© Guardian photo
Holman Grand hotel, Charlottetown
There are several offers on the table for the Holman Grand hotel and the provincial government hopes to make an announcement about a buyer soon, says Premier Robert Ghiz.
But when it comes to who is making those offers, Ghiz says he can't divulge any of the parties involved.
"All I can say is I don't operate on rumour and innuendo," he said.
The issue dominated Tuesday's question period and included questions from Opposition Leader Olive Crane about restaurateur Kevin Murphy and former Homburg Invest Inc. chair Mike Arnold's involvement in the sale.
Several weeks ago Homburg Invest Inc., which owns the Holman Grand announced it was closing the hotel because of sustained losses.
Homburg Invest Inc. is a publicly traded company and has been under creditor protection for more than a year as it restructures.
In July, the company announced its intention to sell the hotel.
Meanwhile, Homburg Invest Inc. still owes the provincial government about $16 million it borrowed to build the Holman Grand, along with millions more the company owes private contractors.
The provincial government has a mortgage guarantee on the amount it is owed.
Ghiz said when it comes to a sale, the government is looking to make sure it protects the interest of all taxpayers.
"There are multiple offers and we hope to have an announcement in the near future," he said.
When asked how soon, Ghiz said the announcement could come within days or weeks.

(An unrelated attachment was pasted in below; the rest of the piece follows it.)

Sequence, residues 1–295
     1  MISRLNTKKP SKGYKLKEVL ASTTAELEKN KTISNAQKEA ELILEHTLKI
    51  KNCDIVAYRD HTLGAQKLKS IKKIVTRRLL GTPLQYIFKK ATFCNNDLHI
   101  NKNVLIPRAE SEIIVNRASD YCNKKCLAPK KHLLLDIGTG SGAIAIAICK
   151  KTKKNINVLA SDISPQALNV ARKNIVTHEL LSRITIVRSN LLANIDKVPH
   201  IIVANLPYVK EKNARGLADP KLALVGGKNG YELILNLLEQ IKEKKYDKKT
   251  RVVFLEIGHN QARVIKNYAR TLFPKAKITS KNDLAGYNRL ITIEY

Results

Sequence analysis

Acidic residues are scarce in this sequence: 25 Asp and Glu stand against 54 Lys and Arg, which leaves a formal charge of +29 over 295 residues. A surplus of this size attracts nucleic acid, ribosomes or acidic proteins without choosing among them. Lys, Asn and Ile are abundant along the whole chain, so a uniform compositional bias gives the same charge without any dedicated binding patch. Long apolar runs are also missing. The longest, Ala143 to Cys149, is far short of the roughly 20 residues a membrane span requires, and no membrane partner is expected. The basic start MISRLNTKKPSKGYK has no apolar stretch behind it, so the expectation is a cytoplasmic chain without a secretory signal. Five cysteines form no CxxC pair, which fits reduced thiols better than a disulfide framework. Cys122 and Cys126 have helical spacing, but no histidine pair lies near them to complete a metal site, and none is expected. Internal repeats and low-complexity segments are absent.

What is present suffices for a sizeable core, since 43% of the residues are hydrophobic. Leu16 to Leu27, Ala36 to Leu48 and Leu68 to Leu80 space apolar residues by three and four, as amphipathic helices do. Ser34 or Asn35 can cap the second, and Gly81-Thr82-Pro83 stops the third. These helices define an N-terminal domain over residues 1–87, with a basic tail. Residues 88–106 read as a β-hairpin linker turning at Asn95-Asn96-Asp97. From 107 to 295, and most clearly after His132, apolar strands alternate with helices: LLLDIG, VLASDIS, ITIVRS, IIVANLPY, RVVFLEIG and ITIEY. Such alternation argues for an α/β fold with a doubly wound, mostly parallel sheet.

As for any further details about potential deals or how many offers were made to buy the hotel, Ghiz would only say more than one.
With the mortgage guarantee in place, the sale price would have to be high enough to cover the outstanding amount of the loan in order for the province to get its money.
Ghiz said that was the government's priority.
"But again, this is a very complex issue that we're trying our best to put together the best deal for the taxpayers, for the small businesses and the future development of that area," he said.
During question period, opposition innovation critic Hal Perry asked Ghiz to table copies of all documents associated with loans to Dyne Holdings, Richard Homburg, Arnold, Homburg Invest Inc. and on the Homburg financial tower.
Crane said the opposition asked for those documents because the government has a history of not producing information.
"They have a history of doing things and not doing the due diligence on them so we really want to see the documentation and the proof," she said.